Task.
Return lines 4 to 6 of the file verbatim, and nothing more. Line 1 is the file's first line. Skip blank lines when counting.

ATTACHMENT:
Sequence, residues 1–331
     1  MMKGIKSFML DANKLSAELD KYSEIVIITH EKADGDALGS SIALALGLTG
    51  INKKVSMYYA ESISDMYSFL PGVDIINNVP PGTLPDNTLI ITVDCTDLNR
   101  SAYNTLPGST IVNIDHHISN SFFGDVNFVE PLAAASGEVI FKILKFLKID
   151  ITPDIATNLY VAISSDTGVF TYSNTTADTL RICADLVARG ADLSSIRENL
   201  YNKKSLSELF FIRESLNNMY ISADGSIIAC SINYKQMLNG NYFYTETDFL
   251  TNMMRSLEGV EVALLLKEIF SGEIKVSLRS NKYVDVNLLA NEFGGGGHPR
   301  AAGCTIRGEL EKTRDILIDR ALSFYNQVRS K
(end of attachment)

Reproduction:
   101  SAYNTLPGST IVNIDHHISN SFFGDVNFVE PLAAASGEVI FKILKFLKID
   151  ITPDIATNLY VAISSDTGVF TYSNTTADTL RICADLVARG ADLSSIRENL
   201  YNKKSLSELF FIRESLNNMY ISADGSIIAC SINYKQMLNG NYFYTETDFL